I have realised that, apart from what I have written on my About Me page, my followers and readers do not know much about me. Perhaps that is because I don’t speak about myself that much. I just think of a topic and write about it. Perhaps I have never thought my life interesting enough to share with you. However, I thought I might add a personal touch to this blog by telling you more about myself and the country (South Africa) that I live in. Let’s start with South Africa.
South Africa is like a wild botanical garden. It is perfectly civilised (contrary to what you o’er the seas might think) yet fill of conflict. We live in normal houses on normal streets and we have normal shops (though no Starbucks as of yet, which is really a misfortune). Some people think that the only white people here are missionaries which is ridiculously humorous. In some parts of South Africa it can rain for months and in others it snows and gets freezing cold. The only “wild” animals we see are in zoos, game parks and the like. It might not be as advanced as America in technology, but we do have apple computers, blackberries and every other form of technology you can think of. We even make movies (though, I’ll admit, most of them are not worth watching).
Wildlife and the scenery in South Africa vary from where you go. Where I currently live, we don’t get enough rain, the land is relatively flat and it’s not that pretty. Go somewhere else and you’ll find richly green-lands and huge mountains and the blue sea. Some places are desert-like, others flood. That’s something I love about South Africa; it has so much diversity; Diversity in weather, vegetation, culture and language. Though English is over-all the main language (as in most people can speak it, even if only a little), we have 11 official languages. And I can only speak two: English (my home language) and Afrikaans (it’s similar to Dutch, just much simpler).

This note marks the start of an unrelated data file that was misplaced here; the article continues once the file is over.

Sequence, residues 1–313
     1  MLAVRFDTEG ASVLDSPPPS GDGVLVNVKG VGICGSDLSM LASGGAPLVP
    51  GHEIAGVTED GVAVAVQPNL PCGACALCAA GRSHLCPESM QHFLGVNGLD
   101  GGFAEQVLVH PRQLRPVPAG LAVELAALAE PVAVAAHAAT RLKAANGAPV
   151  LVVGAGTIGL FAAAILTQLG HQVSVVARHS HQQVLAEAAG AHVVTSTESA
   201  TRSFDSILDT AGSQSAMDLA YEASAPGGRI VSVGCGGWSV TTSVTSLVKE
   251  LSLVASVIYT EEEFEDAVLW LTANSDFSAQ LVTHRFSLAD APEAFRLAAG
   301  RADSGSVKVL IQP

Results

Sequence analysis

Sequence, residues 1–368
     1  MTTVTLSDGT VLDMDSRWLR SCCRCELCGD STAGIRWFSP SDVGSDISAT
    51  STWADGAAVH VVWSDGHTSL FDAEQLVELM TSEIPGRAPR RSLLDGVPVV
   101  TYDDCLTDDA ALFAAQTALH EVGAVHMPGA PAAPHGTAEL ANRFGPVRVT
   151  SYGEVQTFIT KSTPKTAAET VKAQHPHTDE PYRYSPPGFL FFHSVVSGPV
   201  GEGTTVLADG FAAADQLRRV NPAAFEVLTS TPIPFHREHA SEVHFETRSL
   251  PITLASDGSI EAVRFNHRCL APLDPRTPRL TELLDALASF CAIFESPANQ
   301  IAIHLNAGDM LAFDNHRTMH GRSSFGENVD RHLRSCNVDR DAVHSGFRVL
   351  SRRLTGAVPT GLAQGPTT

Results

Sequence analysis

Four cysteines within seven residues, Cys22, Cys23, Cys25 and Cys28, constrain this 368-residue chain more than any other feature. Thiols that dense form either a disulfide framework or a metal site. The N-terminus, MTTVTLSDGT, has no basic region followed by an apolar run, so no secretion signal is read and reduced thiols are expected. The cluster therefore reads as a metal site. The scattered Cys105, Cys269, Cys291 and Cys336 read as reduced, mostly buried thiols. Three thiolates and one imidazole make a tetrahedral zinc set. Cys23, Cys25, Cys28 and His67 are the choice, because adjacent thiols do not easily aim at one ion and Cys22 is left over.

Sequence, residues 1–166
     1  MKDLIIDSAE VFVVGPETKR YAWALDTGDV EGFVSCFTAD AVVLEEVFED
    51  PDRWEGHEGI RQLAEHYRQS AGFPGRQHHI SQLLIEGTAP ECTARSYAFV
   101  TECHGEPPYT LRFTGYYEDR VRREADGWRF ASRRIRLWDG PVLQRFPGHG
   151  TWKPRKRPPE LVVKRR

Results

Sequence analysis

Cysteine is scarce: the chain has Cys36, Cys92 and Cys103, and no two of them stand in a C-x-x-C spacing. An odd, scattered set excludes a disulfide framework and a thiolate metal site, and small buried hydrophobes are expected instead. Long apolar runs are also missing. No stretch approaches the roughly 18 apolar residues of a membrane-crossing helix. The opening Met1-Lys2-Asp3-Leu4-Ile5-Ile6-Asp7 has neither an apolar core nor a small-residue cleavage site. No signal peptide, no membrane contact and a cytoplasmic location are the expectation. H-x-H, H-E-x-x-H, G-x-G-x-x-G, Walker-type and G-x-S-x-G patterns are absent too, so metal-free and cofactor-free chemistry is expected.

As I said earlier, it’s also a country full of conflict. Politically unstable and crime extremely high, you may think it’s dangerous to live here. Which in a way is true, yet I generally feel perfectly safe. Of course, we cannot just walk around and go anywhere we like, as many in America do. Public taxis are not the safest and most people won’t just take a walk alone to town or at night (though it depends on where you live). The education system is deficient in many schools and the curriculum standard is low (thankfully, I did Cambridge AS Levels like they do in England), though the Universities are quite good. Striking is a big problem and poverty is all around, though perhaps not as much as you think. So yes, this country has many problems; I have not even touched upon that many. Yet there is also good if you look for it. I am what we call proudly South African (though in terms of blood, I am half Portuguese, a quarter Irish and the other quarter is a mixture of British, French and who knows what else) and despite its setbacks, I do love my country. Anyway I hope you found these snippets of South Africa interesting and enlightening.